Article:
- Find every opportunity to talk to your baby. Speak slowly and clearly in a loving tone, using simple words, as if they understand everything you say. Talk to your baby using words you would like them to learn.
- Encourage your child to talk, and listen to their answer. If your child mispronounces a word, rather than correcting them, use the word correctly in your answer.
- Play with your children. Get excited about it. Ask what is happening. Listen. Have fun together. Laugh a lot!
- Read to your child from birth. The best way to get your child to fall in love with books is to read stories aloud to them. Love the book before you read it to your child.
- Start with board and cloth books that are interactive, with wheels to spin, things to touch and flaps to lift. Choose books with big colourful pictures of animals and other exciting things that jump out of the pages.
- Include different kinds of books when you read aloud to your child: Stories, ABC books, rhyming, repetitive, poems, nursery rhymes, and books about real things. Include books that have strong connections between the illustrations & pictures, as well as rhythm, rhyme, alliteration and onomatopoeia – like Dr. Suess's Green Eggs and Ham, and The Cat in the Hat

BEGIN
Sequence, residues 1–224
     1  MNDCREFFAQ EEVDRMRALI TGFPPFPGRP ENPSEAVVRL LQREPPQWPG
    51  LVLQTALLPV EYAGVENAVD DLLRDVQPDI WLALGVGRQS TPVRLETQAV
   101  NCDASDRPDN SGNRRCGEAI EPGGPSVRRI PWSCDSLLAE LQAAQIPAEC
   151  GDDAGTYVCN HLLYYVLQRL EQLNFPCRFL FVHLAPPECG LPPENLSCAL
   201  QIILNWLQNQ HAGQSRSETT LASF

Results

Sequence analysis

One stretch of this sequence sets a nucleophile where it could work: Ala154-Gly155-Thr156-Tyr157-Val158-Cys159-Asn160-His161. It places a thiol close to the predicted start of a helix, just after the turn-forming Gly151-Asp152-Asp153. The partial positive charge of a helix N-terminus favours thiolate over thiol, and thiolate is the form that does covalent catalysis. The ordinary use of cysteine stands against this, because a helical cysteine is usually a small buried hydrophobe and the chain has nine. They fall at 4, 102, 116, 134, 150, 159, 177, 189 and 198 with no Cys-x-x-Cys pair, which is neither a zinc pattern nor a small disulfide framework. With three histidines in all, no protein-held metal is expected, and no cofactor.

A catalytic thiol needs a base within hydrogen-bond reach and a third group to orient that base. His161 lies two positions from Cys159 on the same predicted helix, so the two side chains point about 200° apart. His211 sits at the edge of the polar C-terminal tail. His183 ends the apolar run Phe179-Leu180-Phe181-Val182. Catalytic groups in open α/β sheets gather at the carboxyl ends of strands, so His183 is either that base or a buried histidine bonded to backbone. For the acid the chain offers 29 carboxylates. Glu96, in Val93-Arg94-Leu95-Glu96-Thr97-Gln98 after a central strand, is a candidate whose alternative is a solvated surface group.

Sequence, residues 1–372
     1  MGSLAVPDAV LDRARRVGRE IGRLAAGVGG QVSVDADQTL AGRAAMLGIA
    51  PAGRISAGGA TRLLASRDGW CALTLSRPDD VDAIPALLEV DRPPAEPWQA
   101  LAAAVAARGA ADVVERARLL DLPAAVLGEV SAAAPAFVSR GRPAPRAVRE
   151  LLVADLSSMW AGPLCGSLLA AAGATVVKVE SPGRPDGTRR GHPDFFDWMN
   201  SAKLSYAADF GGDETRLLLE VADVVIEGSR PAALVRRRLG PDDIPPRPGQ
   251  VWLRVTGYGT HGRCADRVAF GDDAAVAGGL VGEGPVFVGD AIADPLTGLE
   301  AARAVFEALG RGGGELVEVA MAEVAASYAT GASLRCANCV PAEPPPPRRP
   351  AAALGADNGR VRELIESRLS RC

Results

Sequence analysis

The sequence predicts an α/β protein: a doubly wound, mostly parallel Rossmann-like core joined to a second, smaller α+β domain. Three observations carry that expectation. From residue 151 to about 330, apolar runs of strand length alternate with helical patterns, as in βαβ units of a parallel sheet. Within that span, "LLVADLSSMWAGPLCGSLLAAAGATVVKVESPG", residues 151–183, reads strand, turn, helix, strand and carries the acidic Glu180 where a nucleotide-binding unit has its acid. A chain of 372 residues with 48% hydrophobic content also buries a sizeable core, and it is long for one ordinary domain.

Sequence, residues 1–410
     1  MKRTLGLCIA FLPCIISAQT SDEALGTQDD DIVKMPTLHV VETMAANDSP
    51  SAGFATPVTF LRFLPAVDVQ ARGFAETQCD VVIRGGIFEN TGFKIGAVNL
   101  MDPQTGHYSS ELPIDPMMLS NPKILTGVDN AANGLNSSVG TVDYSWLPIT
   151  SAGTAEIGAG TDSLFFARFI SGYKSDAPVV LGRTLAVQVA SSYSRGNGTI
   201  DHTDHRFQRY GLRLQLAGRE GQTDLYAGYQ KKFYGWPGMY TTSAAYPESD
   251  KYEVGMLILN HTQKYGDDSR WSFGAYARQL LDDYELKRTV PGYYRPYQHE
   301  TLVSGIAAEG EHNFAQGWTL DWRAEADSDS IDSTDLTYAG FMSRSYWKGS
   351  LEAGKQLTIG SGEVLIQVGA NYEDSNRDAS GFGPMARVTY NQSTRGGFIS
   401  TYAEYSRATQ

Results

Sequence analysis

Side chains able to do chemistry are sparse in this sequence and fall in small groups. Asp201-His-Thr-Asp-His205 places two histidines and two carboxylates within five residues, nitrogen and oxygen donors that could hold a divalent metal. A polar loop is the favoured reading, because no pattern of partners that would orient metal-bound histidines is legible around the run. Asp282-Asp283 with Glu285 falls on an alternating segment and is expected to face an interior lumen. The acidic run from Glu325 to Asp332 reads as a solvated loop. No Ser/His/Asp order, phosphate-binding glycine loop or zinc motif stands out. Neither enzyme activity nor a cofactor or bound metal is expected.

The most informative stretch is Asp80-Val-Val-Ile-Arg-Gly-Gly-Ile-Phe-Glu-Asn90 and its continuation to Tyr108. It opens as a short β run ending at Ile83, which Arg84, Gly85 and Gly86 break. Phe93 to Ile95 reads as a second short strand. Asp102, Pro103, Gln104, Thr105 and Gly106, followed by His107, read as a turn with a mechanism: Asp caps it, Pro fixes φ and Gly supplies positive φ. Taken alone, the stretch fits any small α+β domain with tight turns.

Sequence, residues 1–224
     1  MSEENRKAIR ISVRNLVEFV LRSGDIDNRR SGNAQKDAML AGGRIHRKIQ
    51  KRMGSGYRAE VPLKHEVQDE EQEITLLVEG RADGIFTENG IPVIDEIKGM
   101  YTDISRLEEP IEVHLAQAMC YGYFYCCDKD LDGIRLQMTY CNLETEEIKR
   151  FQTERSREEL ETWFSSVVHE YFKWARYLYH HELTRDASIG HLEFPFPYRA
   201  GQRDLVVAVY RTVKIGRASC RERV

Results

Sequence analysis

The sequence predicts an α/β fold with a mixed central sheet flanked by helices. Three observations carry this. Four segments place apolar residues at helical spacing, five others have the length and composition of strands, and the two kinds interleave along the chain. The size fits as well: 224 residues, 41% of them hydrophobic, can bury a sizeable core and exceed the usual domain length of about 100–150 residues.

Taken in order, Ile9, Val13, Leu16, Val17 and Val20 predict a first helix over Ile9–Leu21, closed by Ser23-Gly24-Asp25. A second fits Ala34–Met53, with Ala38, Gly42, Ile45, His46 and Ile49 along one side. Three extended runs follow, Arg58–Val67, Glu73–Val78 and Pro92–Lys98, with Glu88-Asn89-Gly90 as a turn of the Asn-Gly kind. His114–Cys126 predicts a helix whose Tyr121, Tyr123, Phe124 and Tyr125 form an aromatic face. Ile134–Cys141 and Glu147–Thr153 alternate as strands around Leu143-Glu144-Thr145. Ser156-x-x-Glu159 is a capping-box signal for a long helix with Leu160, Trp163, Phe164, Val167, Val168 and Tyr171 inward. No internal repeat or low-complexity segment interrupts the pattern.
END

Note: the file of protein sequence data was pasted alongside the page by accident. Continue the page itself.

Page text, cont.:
- Be excited about the story you are reading. Use lots of expression, laugh or cry with the characters. You can even dress up and become an actor while you read to your child!
- Interact with the story while you are reading. Point to the pictures and ask: What? Where? Who? Why? Become involved with the story. Be excited about what's happening – and relate the story to your child's experience.
- Encourage your child to 'read' a favourite book by themselves. This doesn't mean reading in the true sense of the word, but they can look at the pictures and make up their own version of the story. This reading will be a combination of what they've memorised and their made-up version.
- Try running your finger along under the words while you read. As your child gets closer to starting school they can help you do this.
- Never use story time as a threat or punishment. The benefits are too important.
- Have a dress up box full of colourful clothes, shoes and handbags. Turn stories into plays with real characters performing. Large pieces of material or old sheets in the dress up box can be sails, tents or maybe a bride's train. Add puppets, soft toys or real objects as props
- Explore different sounds by listening to and identifying: animals, motor vehicles, loud and quiet, high and low sounds. Have fun making these sounds. Dance and clap to music, and make music together with pots and wooden spoons, or musical instruments.
- Play with words! Make up games with rhyming words, and make up silly words that rhyme.